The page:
A business plan is a written document and you will come across many different views on exactly what details it should contain. However, the essential purpose of the plan is to focus your mind on the business, its marketplace, what you expect the business to achieve (objectives) and how it is going to do it (strategies).
Part of the business plan will involve financial forecasts, based on the business’s stated objectives and strategies. It is not unknown for entrepreneurs to reject business ideas, or adapt them radically, after the initial business plan because they come to realise that the business is not financially viable. It is better to find this out in the concept stage than after the business is committed to financial debts and tied into business leases etc.
As mentioned above, there are many different ideas of what details should be included in the plan. Overall it should be logically structured so that it makes sense not only to you but to anyone else who may need to read it. For instance anyone you approach for financial assistance, be they lender, business angel or grant provider, will want to see your business plan so they can assess their risk.
Business plans generally include the following elements:
An executive summary
This is typically the first part of the plan, although, by its very nature, it will be written last. This is because it is a summary of the key points of the entire plan. It should include the main points of interest from each section in broad overview so that the reader can decide which parts of the plan are most important to them if they wish to look at the detail.
The executive summary should be concise, no more than a couple of pages, and interesting. Remember your audience will probably be busy people with a number of similar plans to look at, so don’t bore them: entice them into the detail.
Use this part of the plan to describe your business (including management and staffing structures), what it does and why it does it better than your competitors.
You may wish to describe your products or services in terms of what benefits they have to the customer, why they are different to those of your competitors’, what you are doing to plan and develop new products and services and why the customer will buy them.
It is vital that you understand your marketplace. Key factors are:
Summarise the key Strengths and Weaknesses of your business together with the main Opportunities and Threats posed by your market.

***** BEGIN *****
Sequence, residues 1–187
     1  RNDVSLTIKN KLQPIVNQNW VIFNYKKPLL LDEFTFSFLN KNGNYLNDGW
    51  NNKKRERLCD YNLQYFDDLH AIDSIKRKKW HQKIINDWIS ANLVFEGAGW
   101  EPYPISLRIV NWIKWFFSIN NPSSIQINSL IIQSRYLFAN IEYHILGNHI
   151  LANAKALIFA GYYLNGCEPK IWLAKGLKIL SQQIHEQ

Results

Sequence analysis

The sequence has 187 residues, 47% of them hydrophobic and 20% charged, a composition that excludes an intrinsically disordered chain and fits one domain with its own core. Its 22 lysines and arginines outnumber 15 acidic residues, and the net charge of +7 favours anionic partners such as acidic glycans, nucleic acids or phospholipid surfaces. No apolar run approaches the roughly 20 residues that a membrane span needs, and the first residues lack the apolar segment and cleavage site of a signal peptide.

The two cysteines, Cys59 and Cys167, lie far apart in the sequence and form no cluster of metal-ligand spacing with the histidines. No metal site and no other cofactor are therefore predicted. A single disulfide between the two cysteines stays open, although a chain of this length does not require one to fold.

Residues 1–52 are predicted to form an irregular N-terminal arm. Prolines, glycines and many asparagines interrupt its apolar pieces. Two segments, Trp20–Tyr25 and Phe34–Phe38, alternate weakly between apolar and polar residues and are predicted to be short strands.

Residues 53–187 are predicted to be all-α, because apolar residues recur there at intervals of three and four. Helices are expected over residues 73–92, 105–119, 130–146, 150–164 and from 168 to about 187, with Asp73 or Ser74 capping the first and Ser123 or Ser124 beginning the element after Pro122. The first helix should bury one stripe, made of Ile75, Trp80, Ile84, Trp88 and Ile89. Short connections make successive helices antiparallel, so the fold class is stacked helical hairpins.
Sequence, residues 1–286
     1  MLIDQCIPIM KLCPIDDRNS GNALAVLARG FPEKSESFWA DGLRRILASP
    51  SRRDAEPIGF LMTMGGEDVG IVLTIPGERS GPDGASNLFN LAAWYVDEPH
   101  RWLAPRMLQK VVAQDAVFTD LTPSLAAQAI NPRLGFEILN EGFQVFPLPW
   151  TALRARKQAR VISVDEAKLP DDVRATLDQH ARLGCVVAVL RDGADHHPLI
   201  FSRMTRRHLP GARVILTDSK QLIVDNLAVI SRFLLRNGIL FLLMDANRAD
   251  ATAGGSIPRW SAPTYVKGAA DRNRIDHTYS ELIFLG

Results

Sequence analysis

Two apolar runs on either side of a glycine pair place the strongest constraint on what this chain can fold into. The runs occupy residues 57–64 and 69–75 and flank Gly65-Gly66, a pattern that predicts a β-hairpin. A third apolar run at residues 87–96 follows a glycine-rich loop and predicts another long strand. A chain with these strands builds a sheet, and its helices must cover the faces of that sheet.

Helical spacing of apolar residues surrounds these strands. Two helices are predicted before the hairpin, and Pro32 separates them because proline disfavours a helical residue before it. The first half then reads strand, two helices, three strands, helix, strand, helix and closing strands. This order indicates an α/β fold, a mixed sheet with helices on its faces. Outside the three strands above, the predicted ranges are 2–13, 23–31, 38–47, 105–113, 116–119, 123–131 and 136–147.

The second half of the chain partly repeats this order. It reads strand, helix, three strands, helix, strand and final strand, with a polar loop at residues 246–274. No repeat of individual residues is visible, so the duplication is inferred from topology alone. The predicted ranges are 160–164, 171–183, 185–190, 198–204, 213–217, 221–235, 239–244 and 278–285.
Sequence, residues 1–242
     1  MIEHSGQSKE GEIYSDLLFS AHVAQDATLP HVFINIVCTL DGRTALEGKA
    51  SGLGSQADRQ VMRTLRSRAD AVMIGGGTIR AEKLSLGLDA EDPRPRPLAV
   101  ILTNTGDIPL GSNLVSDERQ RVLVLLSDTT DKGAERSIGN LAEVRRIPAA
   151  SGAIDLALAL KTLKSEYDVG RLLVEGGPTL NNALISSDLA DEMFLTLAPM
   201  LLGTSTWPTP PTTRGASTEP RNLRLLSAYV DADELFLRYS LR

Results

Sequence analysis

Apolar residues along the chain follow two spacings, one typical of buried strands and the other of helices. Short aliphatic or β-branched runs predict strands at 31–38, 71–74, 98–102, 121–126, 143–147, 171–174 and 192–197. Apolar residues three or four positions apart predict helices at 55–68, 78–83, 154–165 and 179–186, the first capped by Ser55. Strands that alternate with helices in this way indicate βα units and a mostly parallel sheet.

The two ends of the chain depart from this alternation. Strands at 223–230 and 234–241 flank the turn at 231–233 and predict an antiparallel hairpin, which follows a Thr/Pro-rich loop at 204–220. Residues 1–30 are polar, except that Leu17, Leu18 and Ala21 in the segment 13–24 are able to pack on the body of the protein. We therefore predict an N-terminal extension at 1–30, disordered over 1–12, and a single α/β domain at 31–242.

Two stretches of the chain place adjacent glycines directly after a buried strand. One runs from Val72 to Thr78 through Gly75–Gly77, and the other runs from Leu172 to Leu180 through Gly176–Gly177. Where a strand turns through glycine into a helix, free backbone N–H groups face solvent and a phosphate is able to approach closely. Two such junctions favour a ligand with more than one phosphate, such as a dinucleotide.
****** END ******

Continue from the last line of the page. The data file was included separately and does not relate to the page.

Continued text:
This is your opportunity to set down exactly what you expect the business to achieve within a defined timescale. You should set some measurable outcomes that you can assess progress against as the implementation of the plan continues.
This is probably the ‘plan’ you had in your head before you came to approach it formally. This is how you are going to use your strengths (and bolster your weaknesses) to exploit the opportunities (and avoid the threats) in your market in order to achieve your objectives.
There are many ways of approaching this but try to be clear and logical. One straightforward way of dealing with strategies is to break them into business functions, e.g.:
Once you have your plan – follow it! Don’t just stick it on the shelf to gather dust. It is a valuable tool.
But don’t follow it blindly either. Continue to monitor the business’s performance and the marketplace so that you can amend and adapt the plan accordingly. It should be a living, breathing document, constantly evolving to adapt to its ever changing environment.
If you regularly review the planning process you will always have a roadmap for the business’s short to mid-term future. And a much better informed view of the long term.
This is just a very brief overview if a business plan. If you feel you would like further, more detailed advice please contact one of our business law solicitors, Steven, Simon, Chris or Helen on 01752 668246 or send an email by clicking here.